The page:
A Total Fabrication

Longwood student researches 3-D printers’ ability to replicate human bones

Amir Mosley ’15 (right) researched 3-D printing  technology with help from Muneeb Mobashar (left)  of the Digital Education Collaborative and biology professor Dr. Björn Ludwar.

Amir Mosley ’15 (right) researched 3-D printing technology with help from Muneeb Mobashar (left) of the Digital Education Collaborative and biology professor Dr. Björn Ludwar.

The ability to “print” a 3-D object might have seemed the stuff of science fiction a few years ago, but today 3-D printers can create guns, artificial limbs, smartphones, jewelry and much more. This academic year, a Longwood anthropology major, in collaboration with a biology professor, researched whether this technology can help education and research by replicating human bones.

Amir Mosley ’15, who is interested in studying human remains from archaeological sites, is intrigued by the potential of 3-D printing technology to produce affordable study aids for students in various fields of scientific study, especially archaeology and anatomy. In a research project during the fall 2014 semester, he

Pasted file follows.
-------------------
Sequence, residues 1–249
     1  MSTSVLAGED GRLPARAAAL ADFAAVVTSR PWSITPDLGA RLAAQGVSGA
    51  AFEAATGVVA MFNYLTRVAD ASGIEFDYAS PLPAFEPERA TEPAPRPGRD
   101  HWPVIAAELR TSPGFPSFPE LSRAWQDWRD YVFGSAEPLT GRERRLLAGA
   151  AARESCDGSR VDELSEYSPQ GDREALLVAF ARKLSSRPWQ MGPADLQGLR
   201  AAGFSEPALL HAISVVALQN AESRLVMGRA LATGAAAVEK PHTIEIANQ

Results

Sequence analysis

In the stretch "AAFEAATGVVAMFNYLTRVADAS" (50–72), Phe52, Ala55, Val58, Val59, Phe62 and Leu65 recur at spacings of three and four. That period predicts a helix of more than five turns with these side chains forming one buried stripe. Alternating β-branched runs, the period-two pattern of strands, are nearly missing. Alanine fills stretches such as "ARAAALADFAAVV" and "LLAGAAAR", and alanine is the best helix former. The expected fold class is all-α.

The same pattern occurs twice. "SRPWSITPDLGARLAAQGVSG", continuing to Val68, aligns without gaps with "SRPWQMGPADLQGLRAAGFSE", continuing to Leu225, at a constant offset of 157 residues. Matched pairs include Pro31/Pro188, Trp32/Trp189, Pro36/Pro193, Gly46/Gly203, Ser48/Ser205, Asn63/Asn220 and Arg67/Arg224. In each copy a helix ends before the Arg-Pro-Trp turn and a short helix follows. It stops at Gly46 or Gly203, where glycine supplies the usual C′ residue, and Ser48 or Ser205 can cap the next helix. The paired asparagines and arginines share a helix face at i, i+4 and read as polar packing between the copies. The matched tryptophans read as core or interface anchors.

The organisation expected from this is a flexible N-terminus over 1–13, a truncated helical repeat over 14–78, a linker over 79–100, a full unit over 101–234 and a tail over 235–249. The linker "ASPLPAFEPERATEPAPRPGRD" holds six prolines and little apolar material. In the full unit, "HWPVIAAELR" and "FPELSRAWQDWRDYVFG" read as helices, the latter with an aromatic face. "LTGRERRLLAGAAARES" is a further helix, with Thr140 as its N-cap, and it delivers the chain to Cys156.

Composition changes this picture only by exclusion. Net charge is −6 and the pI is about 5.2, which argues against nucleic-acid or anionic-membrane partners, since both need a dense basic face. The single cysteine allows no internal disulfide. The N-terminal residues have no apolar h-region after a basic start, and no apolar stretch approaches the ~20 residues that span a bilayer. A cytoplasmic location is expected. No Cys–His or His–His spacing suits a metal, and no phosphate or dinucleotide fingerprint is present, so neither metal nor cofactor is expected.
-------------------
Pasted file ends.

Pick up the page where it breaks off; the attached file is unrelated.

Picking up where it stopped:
tried to scan and print bones and lithic artifacts with a 3-D printer from Longwood’s Digital Education Collaborative (DEC).

Current replicas of human bones are often beyond the price range of many undergraduates and even some schools, said Mosley, who plans to study osteoarchaeology in graduate school. He began his research after discussions with the professor in his anatomy and physiology class, Dr. Björn Ludwar, who told him about the two 3-D printers in the DEC.

“What’s interesting about Amir’s research is that he was taking the knowledge he acquired in archaeology, which is about ancient things, and using it to study the technology of the future,” said Ludwar, assistant professor of biology, who oversaw the project.

The best result was a patella, the small bone in front of the knee, which Mosley was able to not only scan but print.

“Though there was no ‘woo-hoo’ moment, I’m still convinced that 3-D printing can expand knowledge of the human body and humans’ cultural past,” said Mosley, who also tried to scan a clavicle (collarbone), two phalanges (finger bones) and two vertebrae.

When an object is re-created using scanning and 3-D printing technology, a scanner first rotates an object, calculating angles from all sides and making measurements that CAD software combines into a 3-D model. When the design is sent to the printer, plastic filament in the printer is heated up and fed from a spool through a device called an extruder, which, while moving back and forth, deposits thin layers of melted plastic onto a platform.—Kent Booty